Japan has been named Asia’s top country for higher education and research in Times Higher Education’s first Asia University Rankings.
The University of Tokyo, which claimed top spot in the inaugural ranking, was one of 22 Japanese institutions in the top 100, the largest number of any country.
Despite the strong showing by the traditional research powerhouse, the Asia rankings reveal a more diverse playing field than is visible at the worldwide level.
Five countries or special regions (such as Hong Kong) feature in the Asia top 10, and overall 15 appear in the top 100 - including for the first time the United Arab Emirates, Lebanon and Malaysia.
The National University of Singapore was the second highest ranked institution, followed by the University of Hong Kong.
Singapore and Hong Kong also came out on top when the territories of the region were ranked by average score per institution, placing first and second respectively.
Overall the rankings showed a concentration of excellence in East Asia. Taiwan’s strong university base was demonstrated by its 17 institutions in the top 100. China was represented by 15 universities, with two in the top 10 - Peking University at four and Tsinghua University at six. South Korea had 14 institutions in the top 100, with four of these in the top 20.
Analysing the results, Phil Baty, editor of Times Higher Education World University Rankings, said that despite its commanding performance, Japan needed to be wary of the competition.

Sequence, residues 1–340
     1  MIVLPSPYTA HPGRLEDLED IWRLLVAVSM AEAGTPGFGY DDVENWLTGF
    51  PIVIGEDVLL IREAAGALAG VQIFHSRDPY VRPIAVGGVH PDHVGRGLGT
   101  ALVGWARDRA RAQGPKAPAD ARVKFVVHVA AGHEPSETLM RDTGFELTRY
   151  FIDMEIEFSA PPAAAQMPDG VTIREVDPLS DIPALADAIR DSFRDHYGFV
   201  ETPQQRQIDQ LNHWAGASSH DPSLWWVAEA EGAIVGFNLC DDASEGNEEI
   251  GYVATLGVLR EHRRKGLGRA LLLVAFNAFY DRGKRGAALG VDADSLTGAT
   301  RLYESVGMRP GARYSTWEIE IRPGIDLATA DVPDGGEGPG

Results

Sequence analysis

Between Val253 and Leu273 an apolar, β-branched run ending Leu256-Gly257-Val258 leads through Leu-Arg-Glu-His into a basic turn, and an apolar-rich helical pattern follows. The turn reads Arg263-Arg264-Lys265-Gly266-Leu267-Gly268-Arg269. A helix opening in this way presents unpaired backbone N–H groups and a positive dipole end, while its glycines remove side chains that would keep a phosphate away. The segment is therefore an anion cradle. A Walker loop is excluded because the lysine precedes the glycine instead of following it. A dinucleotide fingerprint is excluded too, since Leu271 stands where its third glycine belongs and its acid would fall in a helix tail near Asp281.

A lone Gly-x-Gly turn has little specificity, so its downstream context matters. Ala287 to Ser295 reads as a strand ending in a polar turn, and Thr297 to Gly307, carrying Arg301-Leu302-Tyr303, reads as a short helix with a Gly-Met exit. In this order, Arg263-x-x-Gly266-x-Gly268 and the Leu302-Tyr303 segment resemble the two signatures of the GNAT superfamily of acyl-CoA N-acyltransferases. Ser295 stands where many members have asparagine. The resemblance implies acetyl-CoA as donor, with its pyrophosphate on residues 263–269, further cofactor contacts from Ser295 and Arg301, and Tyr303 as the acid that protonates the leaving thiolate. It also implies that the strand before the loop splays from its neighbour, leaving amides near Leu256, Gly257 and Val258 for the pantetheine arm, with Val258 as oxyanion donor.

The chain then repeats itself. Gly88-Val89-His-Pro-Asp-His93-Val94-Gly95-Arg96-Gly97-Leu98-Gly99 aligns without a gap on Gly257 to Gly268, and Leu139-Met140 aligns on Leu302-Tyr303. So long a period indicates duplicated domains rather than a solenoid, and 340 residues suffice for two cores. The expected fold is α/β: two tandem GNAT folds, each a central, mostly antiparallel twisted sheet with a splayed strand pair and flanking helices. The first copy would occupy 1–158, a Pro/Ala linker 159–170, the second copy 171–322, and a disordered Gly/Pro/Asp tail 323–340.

“Evidence from the overall World University Rankings shows that the country is losing ground to its Asian rivals: its international network is too limited, and the funding available for its universities falls some way short of that being provided by its regional rivals,” he said.
The robust display by competitors such as Hong Kong, which had four universities in the top 20, can be attributed to the city-state’s strong economy, respectable levels of government funding and an “East meets West” outlook, added John Spinks, senior adviser to the vice-chancellor and director of undergraduate admissions at the University of Hong Kong.
India, meanwhile, has yet to see the fruits of its efforts to reform higher education. It had just three institutions in the top 100, all of them specialists and none in the top 20.
The rankings were based on the 13 performance indicators used to create the annual THE World University Rankings. All data were collected, analysed and verified by global data provider Thomson Reuters.